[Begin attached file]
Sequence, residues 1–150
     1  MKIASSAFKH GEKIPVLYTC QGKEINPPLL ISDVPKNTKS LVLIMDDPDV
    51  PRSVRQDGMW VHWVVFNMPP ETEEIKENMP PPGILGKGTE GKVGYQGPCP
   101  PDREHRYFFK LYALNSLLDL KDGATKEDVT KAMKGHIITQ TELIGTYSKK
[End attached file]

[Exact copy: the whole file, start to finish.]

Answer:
Sequence, residues 1–150
     1  MKIASSAFKH GEKIPVLYTC QGKEINPPLL ISDVPKNTKS LVLIMDDPDV
    51  PRSVRQDGMW VHWVVFNMPP ETEEIKENMP PPGILGKGTE GKVGYQGPCP
   101  PDREHRYFFK LYALNSLLDL KDGATKEDVT KAMKGHIITQ TELIGTYSKK